Thinking of removing and replacing your windshield by yourself? Windshield replacement can be a difficult task if you’ve never been professionally trained. You might possibly crack the new windshield or even worse, not install it correctly causing structural failure during a crash.
Remove any trim that may be around the windshield. While a professional may get away without removing interior trim such as A-pillar, a lot of people prefer to remove it. So, if you feel more comfortable removing the trim, please do so. Carefully remove any clips, fasteners, and retainers. Avoid breaking or losing them because they usually can be re-used in the future.
Remove Old Windshield Glass
Cut out the old windshield using a windshield removal tool. You can also remove a windshield with guitar string or stiff thin wire. The easiest and cheapest way to remove the windshield is to use an 18″ Urethane Cut-Out Knife, which is typically used by professionals. Cut the urethane around all of the perimeters of the windscreen. As you cut out the windshield, be careful to minimize damage to the pinch weld.
Removing Old Urethane
Use a heavy-duty glass scraper blade to remove the old urethane. It is important to then clean any dirt or debris left on the frame so that the surface remains clean. Cleaning can be done by using a cloth with warm water. There should be no dirt or debris where the urethane is applied, as this can cause more problems with replacement.
Prime The Pinch Weld
As you cut out the urethane, you probably made some scratches. Apply urethane primer to the perimeter of the windshield, inside edge and also in the window channel. The primer can help the urethane glue better and act as a rust prohibiter when applied to the window channel, especially if there are any scratches.
It’s important to remember that even an auto glass professional can’t avoid making a few scratches to the pinch weld. Don’t let this discourage you. Always use urethane primer to ensure that rust doesn’t develop. If there is rust in this area you may want to sand it down, then prime it. After you apply the primer, wait a few minutes before you apply the urethane bead.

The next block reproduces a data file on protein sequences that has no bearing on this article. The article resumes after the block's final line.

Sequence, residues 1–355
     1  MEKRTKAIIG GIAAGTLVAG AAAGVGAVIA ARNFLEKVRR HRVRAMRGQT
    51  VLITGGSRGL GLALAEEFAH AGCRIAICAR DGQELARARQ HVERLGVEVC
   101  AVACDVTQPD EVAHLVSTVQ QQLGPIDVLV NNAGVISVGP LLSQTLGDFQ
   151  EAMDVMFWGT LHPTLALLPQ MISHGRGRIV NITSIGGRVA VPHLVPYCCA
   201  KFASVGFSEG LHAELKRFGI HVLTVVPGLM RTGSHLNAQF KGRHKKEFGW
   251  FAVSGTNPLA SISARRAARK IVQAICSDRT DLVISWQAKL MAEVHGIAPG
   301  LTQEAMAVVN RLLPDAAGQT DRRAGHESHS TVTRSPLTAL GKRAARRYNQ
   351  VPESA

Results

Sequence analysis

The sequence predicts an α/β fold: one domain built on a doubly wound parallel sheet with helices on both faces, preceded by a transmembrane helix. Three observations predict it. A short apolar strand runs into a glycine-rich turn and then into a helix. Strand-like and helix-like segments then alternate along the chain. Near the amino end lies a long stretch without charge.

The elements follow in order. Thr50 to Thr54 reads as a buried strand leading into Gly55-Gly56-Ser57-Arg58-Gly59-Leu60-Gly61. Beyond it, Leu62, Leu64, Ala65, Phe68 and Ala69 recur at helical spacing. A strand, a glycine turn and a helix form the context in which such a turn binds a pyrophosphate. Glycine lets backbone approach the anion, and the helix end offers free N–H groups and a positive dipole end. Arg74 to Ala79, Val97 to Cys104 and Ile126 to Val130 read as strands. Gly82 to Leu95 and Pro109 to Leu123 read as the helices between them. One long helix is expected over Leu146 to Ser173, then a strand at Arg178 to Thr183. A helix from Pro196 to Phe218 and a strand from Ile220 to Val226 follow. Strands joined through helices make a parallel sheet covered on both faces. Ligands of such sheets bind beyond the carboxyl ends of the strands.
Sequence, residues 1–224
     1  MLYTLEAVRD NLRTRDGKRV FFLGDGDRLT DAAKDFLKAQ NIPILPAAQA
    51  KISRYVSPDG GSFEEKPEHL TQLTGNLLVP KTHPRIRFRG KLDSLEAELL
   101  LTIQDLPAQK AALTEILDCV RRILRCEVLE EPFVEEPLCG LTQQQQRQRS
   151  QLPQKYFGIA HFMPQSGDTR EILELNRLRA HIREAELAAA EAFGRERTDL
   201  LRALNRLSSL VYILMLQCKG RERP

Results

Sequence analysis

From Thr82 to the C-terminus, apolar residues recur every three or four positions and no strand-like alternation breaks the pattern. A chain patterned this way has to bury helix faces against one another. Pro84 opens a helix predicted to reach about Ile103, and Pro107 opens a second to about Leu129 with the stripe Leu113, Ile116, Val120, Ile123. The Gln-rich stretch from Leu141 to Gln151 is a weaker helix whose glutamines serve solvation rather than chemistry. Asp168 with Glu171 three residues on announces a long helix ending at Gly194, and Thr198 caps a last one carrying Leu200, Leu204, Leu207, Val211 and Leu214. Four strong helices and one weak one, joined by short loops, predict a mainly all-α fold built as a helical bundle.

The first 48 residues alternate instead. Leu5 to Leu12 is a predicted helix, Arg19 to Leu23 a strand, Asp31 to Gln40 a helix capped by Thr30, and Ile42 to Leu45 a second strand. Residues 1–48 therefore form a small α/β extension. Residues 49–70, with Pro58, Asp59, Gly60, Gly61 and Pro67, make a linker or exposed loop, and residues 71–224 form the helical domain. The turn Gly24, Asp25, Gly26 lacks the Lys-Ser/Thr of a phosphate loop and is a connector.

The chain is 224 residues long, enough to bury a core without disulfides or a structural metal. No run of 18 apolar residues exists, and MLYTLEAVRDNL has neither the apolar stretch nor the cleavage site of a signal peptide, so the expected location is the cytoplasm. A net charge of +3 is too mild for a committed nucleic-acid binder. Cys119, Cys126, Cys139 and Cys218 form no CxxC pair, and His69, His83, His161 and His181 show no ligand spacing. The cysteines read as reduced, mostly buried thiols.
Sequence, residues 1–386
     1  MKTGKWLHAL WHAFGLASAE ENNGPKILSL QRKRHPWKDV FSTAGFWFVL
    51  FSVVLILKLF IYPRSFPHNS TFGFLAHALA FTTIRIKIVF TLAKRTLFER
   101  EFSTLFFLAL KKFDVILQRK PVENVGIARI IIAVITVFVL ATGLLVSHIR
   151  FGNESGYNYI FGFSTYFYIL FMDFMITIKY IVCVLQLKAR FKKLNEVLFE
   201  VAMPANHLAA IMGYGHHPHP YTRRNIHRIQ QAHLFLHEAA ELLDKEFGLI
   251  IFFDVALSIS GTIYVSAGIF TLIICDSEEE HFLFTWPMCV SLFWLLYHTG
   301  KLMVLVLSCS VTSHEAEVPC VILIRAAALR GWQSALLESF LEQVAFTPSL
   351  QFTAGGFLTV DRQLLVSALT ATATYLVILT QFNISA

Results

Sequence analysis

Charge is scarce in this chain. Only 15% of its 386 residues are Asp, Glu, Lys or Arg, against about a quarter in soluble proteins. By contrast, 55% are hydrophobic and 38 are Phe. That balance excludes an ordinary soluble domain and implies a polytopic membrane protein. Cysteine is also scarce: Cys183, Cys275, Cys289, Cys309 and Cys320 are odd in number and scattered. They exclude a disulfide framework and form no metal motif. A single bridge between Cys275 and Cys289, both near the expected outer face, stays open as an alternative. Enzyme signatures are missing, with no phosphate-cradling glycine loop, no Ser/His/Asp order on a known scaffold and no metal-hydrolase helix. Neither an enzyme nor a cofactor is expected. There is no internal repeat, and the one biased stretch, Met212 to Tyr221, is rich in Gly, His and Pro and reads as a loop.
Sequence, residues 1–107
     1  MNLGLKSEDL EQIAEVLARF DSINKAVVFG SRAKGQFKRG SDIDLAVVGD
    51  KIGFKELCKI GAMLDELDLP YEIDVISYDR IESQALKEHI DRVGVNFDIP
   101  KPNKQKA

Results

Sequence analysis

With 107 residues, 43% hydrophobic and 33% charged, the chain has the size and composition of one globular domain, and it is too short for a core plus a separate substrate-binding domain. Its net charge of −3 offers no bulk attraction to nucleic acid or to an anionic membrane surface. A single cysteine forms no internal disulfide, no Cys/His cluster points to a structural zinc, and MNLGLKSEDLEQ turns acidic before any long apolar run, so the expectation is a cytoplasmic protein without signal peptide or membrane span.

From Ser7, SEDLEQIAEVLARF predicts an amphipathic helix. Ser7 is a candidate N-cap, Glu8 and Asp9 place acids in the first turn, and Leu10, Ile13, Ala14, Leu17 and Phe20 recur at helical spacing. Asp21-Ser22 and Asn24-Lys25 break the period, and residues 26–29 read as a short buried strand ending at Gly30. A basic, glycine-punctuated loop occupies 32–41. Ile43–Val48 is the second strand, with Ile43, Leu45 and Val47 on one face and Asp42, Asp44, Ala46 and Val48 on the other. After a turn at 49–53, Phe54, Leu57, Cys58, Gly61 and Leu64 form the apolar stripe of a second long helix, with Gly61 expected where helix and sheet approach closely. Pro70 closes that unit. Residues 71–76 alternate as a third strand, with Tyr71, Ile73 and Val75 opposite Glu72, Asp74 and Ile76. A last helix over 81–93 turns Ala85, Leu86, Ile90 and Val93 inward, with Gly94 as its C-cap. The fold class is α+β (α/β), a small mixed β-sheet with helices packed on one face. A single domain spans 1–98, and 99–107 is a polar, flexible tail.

Apply a Bead of Urethane
Start by removing the bottom cap from the urethane cartridge then install it on your caulk gun. Carefully lay the bead of urethane. Try to keep the bead of urethane as one continues the line. Avoid stops and move your hand at a constant speed. If you miss any spots or the bead is too thin, just come back later.
Some windscreens may have small plastic clips around the frame. There are different clip designs but they all install in similar ways. The clips are there to help align the windshield. If you need to replace the clips. just slide and lock them into place.
If there are any spots that the urethane bead is not continuous, add some more urethane or use a small spatula to fix the urethane. It is important that the urethane bead is constant or else problems may occur later on.
Be careful to not let any urethane fall on your car’s paint as this may cause even further damage. Removing the urethane from the paint can cause scratching. However, if it does occur, use paper towels and rubbing alcohol to try and get it.
Installing The New Windshield
Next, install the new windshield. Since you are installing the windshield yourself, we would recommend that you get a second person to help you with this step. If you are planning on installing the windshield by yourself, it is recommended that you use heavy duty suction cups to handle the windshield. Make sure to use rubber gloves so that you don’t contaminate the windshield glass or get any grease on the windshield. Place the windshield on the car and push it with the palm of your hand all around the windshield glue line.
Once you apply the urethane to the car, don’t wait too long to install the windshield. The sooner you install the windshield, the better. Once you place the windshield in the car, it is ok to shift it to properly position the windshield but keep the moving of the windshield to a minimum. It takes several hours for the urethane to cure.
Credit: Fast Glass, Inc.